“I thought I was following my President”: The Prosecution Rests Their Case In the Trump Impeachment Trial

Vincent Kornacki, Reporting Journalist

On January 6th, a large crowd of insurrectionists stormed the Capitol Building, resulting in the death of five people. Earlier that same day, then-President Donald Trump was giving fiery speeches telling his supporters to “fight like hell.” A week after this violent attack, Trump was impeached by the House of Representatives. This decision made Trump the first President ever to be impeached twice. Despite the fact that Trump left office on January 20th, the Senate has opted to continue with the impeachment process. This is a controversial decision, given the fact that the primary purpose of impeachment is to remove a person from office, and does not actually result in any federal punishment. It is widely believed that officials are continuing with this process to both set a precedent that presidents cannot commit crimes at the end of their terms and to prevent Trump from running for office again, which is a secondary effect of being convicted after impeachment. On January 25th, the articles of impeachment were officially brought before Congress. The next day, Senate Republicans attempted to dismiss the articles as unconstitutional, since Trump was no longer in office. That motion was denied by a vote of 55-45. 

The trial officially began on February 9th. Before that date, both sides had written lengthy papers explaining their arguments. The prosecution claimed that Trump directly caused the riots, while the defense claimed that this impeachment was a partisan attack and that Trump was not responsible for the riots. Before the official arguments could begin at the trial, the Senate had to vote on whether or not it was constitutional to impeach Trump after he left office. The Senate voted that they could impeach Trump by a vote of 56-44. This vote was different from the vote that occurred on January 25, since the Senate was then voting on the Republicans’ motion to dismiss the case. After that vote occurred, the arguments could begin.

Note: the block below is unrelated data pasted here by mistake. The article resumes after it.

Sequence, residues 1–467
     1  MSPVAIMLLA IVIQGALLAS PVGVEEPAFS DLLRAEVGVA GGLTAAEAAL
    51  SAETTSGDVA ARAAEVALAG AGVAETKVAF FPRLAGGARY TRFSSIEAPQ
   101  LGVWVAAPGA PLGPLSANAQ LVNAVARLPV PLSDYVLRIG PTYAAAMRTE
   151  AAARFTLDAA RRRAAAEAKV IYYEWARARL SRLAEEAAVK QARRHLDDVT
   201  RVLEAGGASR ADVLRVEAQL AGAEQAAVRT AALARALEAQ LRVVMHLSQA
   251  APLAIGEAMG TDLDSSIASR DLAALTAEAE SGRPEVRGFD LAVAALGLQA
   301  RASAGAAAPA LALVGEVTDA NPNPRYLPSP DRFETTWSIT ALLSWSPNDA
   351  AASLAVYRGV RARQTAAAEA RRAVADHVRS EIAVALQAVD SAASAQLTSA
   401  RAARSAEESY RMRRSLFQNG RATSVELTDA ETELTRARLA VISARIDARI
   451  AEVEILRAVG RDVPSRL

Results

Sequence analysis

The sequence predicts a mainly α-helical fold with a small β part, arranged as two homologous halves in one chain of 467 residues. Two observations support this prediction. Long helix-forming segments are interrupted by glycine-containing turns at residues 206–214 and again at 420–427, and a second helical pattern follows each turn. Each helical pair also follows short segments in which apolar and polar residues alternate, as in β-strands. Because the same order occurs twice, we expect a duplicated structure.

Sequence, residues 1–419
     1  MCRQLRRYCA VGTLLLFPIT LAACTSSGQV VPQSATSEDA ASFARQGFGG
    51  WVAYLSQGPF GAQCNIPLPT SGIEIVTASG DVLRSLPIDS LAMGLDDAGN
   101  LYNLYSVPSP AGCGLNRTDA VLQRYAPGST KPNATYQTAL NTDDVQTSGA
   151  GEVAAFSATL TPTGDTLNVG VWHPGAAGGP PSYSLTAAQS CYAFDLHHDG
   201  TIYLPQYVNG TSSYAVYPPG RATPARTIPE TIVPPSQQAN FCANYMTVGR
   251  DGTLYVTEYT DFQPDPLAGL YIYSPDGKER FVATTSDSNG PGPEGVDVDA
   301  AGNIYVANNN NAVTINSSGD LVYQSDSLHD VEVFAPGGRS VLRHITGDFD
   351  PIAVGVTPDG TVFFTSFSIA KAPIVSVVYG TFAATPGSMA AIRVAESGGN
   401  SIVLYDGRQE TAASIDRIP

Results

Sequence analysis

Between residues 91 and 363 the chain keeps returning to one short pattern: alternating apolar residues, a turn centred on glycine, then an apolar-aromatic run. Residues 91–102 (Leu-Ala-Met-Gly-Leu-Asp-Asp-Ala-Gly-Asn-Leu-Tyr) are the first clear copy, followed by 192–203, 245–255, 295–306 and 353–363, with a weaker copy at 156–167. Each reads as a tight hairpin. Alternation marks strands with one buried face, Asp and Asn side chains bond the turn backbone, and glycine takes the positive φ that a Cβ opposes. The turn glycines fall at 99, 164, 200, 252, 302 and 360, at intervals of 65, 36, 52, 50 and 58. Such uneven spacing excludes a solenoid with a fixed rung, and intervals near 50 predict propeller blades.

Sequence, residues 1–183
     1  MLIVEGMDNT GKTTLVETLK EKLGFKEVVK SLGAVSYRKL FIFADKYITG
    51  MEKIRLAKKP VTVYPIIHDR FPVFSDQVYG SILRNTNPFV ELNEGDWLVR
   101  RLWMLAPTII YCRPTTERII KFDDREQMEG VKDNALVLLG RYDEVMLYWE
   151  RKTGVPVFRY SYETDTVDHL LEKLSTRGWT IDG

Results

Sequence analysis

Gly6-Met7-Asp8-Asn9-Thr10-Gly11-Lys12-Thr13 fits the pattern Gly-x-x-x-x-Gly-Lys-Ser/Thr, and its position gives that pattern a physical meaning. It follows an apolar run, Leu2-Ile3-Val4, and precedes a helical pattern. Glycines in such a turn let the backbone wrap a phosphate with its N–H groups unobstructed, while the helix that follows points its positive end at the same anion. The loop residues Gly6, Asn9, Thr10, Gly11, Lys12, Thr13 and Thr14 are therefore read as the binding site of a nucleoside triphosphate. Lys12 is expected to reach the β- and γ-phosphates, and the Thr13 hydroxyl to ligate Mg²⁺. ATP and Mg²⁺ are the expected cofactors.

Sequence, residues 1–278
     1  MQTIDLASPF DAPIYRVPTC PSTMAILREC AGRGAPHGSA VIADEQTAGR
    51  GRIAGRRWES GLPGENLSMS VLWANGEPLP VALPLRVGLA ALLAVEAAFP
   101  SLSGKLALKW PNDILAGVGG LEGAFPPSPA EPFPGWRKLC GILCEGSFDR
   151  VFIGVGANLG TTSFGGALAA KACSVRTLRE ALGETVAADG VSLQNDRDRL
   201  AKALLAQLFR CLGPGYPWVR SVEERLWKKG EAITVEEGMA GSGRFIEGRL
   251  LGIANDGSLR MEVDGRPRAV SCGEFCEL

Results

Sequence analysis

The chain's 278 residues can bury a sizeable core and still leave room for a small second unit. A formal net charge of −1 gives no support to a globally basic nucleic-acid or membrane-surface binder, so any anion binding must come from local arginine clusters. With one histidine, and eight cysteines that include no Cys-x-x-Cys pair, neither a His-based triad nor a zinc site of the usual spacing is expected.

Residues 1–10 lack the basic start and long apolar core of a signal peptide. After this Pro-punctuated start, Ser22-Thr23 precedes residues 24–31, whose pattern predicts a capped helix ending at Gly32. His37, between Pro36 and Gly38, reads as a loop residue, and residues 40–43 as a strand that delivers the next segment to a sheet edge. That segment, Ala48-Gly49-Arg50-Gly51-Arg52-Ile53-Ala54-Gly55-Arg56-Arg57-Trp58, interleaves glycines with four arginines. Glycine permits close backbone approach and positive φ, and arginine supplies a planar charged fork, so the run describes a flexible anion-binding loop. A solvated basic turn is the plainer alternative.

Yesterday, February 11th, the prosecution presented their arguments. They utilized interviews with the rioters from January 6th to prove that Trump was directly responsible for the riots. In one of these interviews, an insurrectionist from Texas said, “I thought I was following my President, I thought I was doing what he asked us to do.” After a day of presentation, the prosecution rested their case. In the coming days, we will soon find out what will happen in this historic case. Until, then, there is nothing we can do but wait.